The determination to do things differently has seen new power retailer Flick Electric Co. challenge the way New Zealanders buy their electricity. But they’re also committed to challenging the norms for their staff.
The 34-person Wellington-based company is open to flexible work arrangements across the business, regardless of reason or seniority. About a quarter of staff currently work with some degree of flexibility, including two in the six-person senior leadership team.
Jessica Venning-Bryan, GM of brand, says the benefits of offering flexible work are “endless”.
“We want to make flexibility work for people who need it,” she says. “We want people to be happy at work.”
Jessica says Flick’s commitment to flexibility is “almost unconscious”.
“It’s just something that has been a philosophical part of our business from the start. We’re young, we’re nimble, we’re not like an established business where you have a set of policies in place and almost have to reverse engineer flexibility. It’s just part of how we operate.”
Jessica says Flick has a culture of flexibility and diversity rather than a set of prescriptive policies and procedures.
“To make that work, you need to have a high trust culture. If mutual trust and respect is inherent in the relationship between employer and employee, then you start from a place of good faith, and you can be more responsive and more flexible. That opens the door to having honest, robust conversations about how people manage their lives around work.”
At Flick, flexible work takes various forms. Jessica herself works full-time hours, but starts early and finishes early for ease of commuting and childcare purposes. Her senior leadership colleague, general counsel Nikki Bloomfield, works three days a week.
Milly Gaualofa, who works in operations, works flexibly around her church and family commitments.
“Milly's role is really specialised, and she’s great at it. In the month leading up to White Sunday, she starts early and finishes early so she can do what she needs to do for the church in the afternoons, then picks up any work she needs to finish off in the evenings.
“She’s happy, we’re happy, and the job gets done.”
When they needed to find another member for Flick’s development team, Jessica says they were happy to hire Merrin Macleod, who wanted to work part-time while she completed a degree in design.
“There’s lots of upside for us in being open-minded about the shape of roles. Merrin’s very dedicated to her craft, and we get the benefit of the upskilling she’s getting while she’s studying.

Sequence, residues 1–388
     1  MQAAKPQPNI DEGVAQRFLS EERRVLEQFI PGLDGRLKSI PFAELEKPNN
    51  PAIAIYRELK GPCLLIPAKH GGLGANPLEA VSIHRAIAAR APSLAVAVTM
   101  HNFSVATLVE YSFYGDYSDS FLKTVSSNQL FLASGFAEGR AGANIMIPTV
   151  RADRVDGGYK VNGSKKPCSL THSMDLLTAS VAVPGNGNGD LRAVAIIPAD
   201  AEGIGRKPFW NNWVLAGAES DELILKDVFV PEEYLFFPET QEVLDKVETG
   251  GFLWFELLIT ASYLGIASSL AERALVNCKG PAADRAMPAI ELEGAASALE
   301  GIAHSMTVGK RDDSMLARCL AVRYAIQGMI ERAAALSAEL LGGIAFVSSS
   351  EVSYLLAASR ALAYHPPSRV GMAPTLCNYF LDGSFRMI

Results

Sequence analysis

“Some small-to-medium businesses say they can’t afford to offer flexible work, but ‘work’ doesn’t have to be divided up into perfect full-time roles. Thinking laterally about how the job you need can be done, will give you more options in the available talent pool."
Jessica says businesses need to be aware there’s no one cookie-cutter approach to flexibility – what works for one person may not work for another, and what someone needs often changes with time. Business owners and employees should also be mindful that working flexibly shouldn’t mean that staff miss out on learning and development, opportunities for advancement or salary increases.
“People can get locked into the rigidity of ‘flexibility’ when it’s not done right, which is ironic. I know tonnes of women whose version of flexibility is working four days a week, but in reality they do five days’ work and only get paid for four. Or, they feel they can’t change their hours because they’re ‘lucky’ to have negotiated their current arrangement."
She says making flexibility work requires buy-in and a deep understanding of what the business needs.
“Everyone in an organisation needs to be onboard with the idea, or it won’t work. It only takes one person to not believe in it to make it harder for everyone else.
“I have three people in my team who rely on me to be able to do their jobs, so I need to structure into my alternative hours time that I am available to them. Merrin needs to push website releases live on very specific timelines, so she flags to everyone else when she needs their inputs to ensure she can meet the demands of the job within her flexible arrangement. It’s all about good communication.
“If you’ve got a team member who is really good at their job and you don’t want to lose them, then you’ll make it work.”
Read more about how New Zealand businesses are making flexibility work: